The anti-Treaty position in the south has often been dubbed the “Munster Republic”. It’s unclear where this term first arose, and may be considered a bit of a post-dated label, at least in terms of its more large-scale use. There was never any such republic declared in-being, and it can be considered to more of an informal, almost affectionate, term used pre-dominantly by anti-Treaty personnel to refer to their general control of the Munster province, than any kind of claim at an actual political entity. The anti-Treaty faction considered themselves to be the Republic, that is the entity proclaimed in January 1919, merely continuing under the leadership of the IRA Executive. There was never any sort of republican government enacted in Munster. Moreover, the idea that this entity had a fixed line of defence, supposedly running in an arc from Limerick to Waterford, was mostly a fiction. The IRA lacked the men to hold such a line, and even when they were present they were not always a guarantee of a bulwark, with scores of Volunteers leaving this posts for Sunday mass every week.
In terms of structure, leadership and political direction, things were far more clear for one side than the other. The pro-Treaty martial forces were the National Army, constituted as the military of the provisional government, and the yet to be officially constituted Irish Free State. This was a entity led by a general staff based in Beggers Bush, with men like Michael Collins, Richard Mulcahy and Eoin O’Duffy at the top of the chain. Its political direction came from the cabinet of the provisional government, headed at the start of the Civil War by Arthur Griffith, with Collins also having a substantial political role, to the extent that some perceive the pro-Treaty faction as being a largely military-driven affair. But it certainly had defined military and civil elements for the most part, with both situated in Dublin.
Things were far messier on the anti-Treaty side, whose military was that of the Irish Republican Army as it was constituted after the Split. Nominally the IRA were being led by their Executive, which comprised a number of high-profile republicans, with Liam Lynch as the Chief-of-Staff. In reality Lynch held the closest position to overall command, with individual officers in the field carrying a great deal of authority in their local areas. In political terms there was precious little that the anti-Treaty side could present, with their most significant civil figures, like Eamon de Valera, largely marginalised by the military voices in the overall faction, and no legislature or cabinet formed to compete with that in Dublin. Sinn Fein as a political entity would largely collapse during the Civil War. The anti-Treaty side had no firm capital or centre of political gravity, beyond simply stating this as the majority of Munster. In essence, it was far easier for the average pro-Treaty soldier to know who he was getting his orders from, and who that person was getting their orders from, than it was for the corresponding Volunteer on the other side.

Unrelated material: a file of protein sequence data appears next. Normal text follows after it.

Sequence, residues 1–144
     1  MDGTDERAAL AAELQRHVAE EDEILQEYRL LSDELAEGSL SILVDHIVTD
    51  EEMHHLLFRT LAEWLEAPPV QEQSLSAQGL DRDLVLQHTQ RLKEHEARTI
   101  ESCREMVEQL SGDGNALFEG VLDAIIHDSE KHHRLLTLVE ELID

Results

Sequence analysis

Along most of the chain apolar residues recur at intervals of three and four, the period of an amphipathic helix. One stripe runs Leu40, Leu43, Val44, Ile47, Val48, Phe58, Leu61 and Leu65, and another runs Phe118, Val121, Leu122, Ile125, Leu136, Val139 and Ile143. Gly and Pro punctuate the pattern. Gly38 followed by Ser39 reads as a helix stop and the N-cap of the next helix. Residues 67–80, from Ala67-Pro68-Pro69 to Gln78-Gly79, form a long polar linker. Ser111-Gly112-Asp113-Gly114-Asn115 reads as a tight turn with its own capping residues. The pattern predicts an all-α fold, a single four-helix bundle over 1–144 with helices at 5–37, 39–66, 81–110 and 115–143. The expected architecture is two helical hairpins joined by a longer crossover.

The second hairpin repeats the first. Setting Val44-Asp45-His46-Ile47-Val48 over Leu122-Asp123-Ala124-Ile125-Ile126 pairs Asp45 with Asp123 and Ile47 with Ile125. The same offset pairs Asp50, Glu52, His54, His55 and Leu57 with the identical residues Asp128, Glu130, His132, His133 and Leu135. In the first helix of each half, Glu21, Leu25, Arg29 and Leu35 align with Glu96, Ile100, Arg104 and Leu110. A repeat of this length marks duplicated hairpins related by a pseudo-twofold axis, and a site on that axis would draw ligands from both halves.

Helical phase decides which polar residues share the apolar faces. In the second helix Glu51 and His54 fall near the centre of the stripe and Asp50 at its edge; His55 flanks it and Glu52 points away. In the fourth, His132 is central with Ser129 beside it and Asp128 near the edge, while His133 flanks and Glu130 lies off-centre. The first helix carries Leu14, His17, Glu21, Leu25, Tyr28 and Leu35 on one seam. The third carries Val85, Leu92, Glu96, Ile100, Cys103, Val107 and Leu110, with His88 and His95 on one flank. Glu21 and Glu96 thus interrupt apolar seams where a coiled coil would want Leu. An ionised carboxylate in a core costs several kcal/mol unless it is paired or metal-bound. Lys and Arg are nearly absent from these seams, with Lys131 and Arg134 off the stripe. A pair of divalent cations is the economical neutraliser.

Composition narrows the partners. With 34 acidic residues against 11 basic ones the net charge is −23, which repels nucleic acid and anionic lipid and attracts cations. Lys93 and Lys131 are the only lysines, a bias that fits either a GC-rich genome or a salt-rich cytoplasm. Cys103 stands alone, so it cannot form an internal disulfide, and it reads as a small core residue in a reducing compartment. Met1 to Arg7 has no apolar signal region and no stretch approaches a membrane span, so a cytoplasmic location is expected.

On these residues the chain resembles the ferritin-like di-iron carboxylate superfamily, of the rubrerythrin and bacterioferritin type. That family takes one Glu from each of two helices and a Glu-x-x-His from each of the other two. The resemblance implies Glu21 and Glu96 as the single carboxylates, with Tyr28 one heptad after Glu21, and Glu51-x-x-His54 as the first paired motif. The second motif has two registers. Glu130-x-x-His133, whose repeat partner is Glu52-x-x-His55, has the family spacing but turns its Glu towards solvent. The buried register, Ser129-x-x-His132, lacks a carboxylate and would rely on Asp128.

The situation was made worse by the larger number of captured officers early in the war, who were never adequately replaced. As such, other officers could find themselves in command of areas far larger than they had the ability to effectively lead, or units could be placed in the control of incompetent men. Inter-company or divisional rivalry within the anti-Treaty faction reared its head often, and a common thread of the conventional Civil War is a gradual collapse in anti-Treaty morale and, in many cases, discipline. The Executives also had issues with finance, consistently short of money, and taking what they needed from civilians in the forms of levies, or just outright looting, would increase hostility from the general population.